Friday, September 14, 2007

Indonesian earthquakes: just foreshocks of the Really Humongous One?

Kerry Sieh thinks the M8.4 and other recent earthquakes off the coast of Sumatra might be essentially foreshocks to a larger, M9+ earthquake:

"No one can say whether it will be in 30 seconds or 30 years," he said. "But what happened the other day, I think is quite possibly a sequence of smaller earthquakes leading up to the bigger one."

(Quote from yahoo's news, but I've seen essentially the same report other places.)

He's published a lot of stuff about the Sumatra earthquakes since 2004, and I haven't read any of it, so I'm not sure which of several reasons he may have for his statement. (He has worked out the paleoseismic history of the subduction zone, so he may be thinking about recurrence intervals - typical times between major earthquakes on a given fault zone. He could be thinking about seismic gaps - areas of the fault that haven't had as many earthquakes, and are therefore probably more prone to slip. He could be thinking about the M 8.4 earthquake as a foreshock - a smaller earthquake that precedes a larger earthquake. He could be thinking about stress changes as a result of the 2004 M9 earthquake - something similar to the work that's been done on the North Anatolian Fault in Turkey, except on a subduction zone.)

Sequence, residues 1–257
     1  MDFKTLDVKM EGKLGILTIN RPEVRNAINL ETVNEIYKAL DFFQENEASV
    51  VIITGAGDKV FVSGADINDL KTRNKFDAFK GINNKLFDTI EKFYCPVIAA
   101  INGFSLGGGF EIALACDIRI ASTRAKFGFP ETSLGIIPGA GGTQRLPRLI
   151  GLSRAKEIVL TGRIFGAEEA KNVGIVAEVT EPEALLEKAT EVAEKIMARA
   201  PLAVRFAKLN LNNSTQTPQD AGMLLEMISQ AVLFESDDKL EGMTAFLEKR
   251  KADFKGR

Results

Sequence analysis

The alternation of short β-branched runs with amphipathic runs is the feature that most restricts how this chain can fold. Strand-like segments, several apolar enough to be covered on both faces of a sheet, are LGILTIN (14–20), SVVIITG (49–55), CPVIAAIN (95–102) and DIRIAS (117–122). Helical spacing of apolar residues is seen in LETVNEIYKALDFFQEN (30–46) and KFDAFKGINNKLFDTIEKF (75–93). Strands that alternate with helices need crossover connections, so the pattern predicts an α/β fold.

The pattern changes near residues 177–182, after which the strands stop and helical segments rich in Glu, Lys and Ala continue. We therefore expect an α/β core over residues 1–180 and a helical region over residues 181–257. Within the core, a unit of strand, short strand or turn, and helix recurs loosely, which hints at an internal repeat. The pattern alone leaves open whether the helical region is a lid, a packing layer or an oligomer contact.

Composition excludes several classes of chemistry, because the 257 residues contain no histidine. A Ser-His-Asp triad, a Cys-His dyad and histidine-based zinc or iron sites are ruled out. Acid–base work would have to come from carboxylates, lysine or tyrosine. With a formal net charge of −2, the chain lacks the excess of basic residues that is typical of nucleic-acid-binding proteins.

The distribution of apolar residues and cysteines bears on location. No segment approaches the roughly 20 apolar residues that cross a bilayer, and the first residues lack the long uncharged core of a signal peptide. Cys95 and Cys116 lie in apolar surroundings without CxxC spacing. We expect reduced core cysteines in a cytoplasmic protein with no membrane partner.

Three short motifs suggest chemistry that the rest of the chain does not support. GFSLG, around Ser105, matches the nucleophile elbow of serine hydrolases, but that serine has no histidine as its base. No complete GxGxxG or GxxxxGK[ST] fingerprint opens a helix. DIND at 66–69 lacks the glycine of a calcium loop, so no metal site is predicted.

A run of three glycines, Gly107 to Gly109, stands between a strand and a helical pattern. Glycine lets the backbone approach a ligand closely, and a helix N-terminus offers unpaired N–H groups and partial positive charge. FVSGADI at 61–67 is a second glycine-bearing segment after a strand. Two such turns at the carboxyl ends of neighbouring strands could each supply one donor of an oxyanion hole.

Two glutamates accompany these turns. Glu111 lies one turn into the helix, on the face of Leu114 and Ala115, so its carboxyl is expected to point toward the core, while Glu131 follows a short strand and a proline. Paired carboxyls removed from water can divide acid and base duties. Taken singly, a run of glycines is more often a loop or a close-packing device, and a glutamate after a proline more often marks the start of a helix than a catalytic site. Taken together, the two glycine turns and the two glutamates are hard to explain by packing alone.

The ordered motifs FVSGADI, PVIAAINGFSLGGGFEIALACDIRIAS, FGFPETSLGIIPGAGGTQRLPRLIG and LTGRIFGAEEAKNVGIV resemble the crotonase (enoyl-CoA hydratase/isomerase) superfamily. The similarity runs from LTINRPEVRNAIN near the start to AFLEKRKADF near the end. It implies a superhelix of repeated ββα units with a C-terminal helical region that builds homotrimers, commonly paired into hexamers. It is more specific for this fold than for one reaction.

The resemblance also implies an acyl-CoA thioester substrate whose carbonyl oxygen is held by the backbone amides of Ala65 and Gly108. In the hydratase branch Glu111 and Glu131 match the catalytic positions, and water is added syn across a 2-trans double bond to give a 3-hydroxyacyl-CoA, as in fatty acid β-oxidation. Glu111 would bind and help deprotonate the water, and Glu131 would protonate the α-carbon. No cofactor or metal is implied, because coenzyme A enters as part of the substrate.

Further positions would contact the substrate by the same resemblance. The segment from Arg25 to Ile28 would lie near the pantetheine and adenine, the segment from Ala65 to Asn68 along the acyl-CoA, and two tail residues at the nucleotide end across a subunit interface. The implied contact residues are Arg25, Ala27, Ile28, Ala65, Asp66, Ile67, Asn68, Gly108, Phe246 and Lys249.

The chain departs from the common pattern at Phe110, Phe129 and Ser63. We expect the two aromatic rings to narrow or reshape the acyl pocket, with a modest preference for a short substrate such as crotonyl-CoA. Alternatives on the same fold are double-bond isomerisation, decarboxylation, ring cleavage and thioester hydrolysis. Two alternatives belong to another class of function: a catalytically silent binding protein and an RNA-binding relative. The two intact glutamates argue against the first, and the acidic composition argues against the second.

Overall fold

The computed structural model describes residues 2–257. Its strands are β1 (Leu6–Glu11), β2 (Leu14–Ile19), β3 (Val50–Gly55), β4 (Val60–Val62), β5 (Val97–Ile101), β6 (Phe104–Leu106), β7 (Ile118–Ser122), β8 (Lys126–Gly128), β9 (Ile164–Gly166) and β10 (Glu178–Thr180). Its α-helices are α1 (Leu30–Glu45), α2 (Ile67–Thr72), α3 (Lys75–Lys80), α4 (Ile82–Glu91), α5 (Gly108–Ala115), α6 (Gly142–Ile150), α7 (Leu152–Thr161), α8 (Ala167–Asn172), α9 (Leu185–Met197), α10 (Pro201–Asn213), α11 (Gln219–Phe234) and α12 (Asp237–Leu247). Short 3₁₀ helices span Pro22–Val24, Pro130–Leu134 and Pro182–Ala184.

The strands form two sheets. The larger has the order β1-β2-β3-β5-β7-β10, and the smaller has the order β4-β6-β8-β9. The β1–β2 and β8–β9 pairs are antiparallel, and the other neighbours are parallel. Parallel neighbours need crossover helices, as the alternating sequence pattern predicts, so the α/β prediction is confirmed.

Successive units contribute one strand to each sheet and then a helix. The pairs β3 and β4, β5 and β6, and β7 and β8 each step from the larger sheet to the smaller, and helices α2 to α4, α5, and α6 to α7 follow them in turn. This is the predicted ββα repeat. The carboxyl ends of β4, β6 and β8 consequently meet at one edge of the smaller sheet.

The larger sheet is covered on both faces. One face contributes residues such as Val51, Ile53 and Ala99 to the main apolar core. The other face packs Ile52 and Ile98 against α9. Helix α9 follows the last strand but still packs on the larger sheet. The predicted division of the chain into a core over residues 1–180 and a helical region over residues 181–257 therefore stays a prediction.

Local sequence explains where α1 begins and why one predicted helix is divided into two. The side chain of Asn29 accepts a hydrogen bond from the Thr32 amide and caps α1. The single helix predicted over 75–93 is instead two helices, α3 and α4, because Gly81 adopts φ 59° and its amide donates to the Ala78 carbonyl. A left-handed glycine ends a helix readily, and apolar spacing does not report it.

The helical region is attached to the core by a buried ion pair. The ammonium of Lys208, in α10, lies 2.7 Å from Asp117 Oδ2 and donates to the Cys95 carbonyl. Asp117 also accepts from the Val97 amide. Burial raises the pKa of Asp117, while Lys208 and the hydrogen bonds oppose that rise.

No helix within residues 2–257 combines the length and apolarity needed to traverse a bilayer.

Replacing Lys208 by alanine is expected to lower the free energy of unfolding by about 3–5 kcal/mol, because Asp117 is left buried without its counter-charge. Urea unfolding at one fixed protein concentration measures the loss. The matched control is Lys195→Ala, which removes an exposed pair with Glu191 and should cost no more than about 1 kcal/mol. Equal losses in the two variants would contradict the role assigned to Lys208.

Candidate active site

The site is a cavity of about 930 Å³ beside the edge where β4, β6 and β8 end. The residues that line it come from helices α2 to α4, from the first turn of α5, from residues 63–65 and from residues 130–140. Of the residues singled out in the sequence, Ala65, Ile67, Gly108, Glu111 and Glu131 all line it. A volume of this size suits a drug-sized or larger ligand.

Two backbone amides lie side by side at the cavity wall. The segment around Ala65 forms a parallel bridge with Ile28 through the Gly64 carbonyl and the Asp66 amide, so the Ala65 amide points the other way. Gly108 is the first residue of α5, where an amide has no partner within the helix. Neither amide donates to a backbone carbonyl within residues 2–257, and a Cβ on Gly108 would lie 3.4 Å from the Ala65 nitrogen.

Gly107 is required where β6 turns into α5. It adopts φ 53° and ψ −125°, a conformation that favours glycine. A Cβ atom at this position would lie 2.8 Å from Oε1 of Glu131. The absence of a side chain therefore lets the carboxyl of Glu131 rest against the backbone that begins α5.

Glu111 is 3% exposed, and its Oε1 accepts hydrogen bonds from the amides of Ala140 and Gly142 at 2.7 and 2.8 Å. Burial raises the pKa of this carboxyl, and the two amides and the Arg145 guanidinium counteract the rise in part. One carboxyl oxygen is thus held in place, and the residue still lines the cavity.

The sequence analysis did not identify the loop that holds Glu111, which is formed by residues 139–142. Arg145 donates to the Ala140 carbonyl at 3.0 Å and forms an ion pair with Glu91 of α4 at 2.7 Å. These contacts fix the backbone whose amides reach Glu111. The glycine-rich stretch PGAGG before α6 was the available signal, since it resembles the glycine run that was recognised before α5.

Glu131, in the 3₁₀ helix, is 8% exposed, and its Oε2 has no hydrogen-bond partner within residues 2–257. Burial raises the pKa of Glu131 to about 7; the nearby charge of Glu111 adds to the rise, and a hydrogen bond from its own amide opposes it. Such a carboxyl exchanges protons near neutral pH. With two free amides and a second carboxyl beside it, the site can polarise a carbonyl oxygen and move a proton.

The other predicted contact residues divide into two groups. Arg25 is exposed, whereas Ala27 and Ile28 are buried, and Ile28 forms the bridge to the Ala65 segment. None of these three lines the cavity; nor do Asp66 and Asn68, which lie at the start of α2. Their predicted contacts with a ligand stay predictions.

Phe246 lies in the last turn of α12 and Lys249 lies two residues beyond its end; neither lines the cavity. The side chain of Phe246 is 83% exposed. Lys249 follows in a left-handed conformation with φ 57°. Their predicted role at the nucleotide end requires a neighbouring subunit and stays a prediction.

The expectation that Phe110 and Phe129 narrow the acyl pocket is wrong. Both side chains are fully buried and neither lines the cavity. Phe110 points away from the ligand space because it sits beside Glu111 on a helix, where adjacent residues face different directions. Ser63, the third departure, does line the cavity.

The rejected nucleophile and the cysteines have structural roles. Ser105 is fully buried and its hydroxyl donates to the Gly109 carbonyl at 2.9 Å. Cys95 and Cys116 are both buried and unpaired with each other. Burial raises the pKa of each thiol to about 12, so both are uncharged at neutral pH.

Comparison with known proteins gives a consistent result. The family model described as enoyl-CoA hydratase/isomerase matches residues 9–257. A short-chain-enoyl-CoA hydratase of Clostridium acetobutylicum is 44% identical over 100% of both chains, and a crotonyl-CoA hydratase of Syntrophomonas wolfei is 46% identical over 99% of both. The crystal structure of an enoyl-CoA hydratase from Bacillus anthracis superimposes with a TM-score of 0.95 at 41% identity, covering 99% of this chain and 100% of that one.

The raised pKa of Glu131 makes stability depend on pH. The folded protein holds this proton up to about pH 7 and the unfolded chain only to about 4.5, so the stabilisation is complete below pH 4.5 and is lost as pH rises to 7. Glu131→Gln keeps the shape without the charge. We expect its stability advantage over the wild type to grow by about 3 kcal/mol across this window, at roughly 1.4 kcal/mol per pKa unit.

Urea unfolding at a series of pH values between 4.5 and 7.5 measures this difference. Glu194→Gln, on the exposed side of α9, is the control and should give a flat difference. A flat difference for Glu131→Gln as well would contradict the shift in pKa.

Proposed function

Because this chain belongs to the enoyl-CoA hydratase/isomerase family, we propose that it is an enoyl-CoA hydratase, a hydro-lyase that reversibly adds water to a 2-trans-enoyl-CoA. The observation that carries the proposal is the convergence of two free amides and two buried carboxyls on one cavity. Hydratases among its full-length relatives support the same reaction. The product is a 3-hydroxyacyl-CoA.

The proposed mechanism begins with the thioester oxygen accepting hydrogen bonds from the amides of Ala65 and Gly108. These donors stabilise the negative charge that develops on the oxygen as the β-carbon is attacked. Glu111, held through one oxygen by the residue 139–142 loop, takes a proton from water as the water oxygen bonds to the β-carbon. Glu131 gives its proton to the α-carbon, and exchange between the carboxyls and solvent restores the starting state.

[Edit: I suppose Sieh could also be making a far more basic point: the subduction zone is capable of larger earthquakes. The news may simply be a good opportunity to remind people of that fact, just like little earthquakes in LA or SF are a good opportunity to remind people that California is earthquake country.)

It feels like studies of earthquake mechanics are on the verge of really understanding the process better. It's exciting... though for the sake of Sumatra and people living beside the Indian Ocean, I hope Sieh is wrong.

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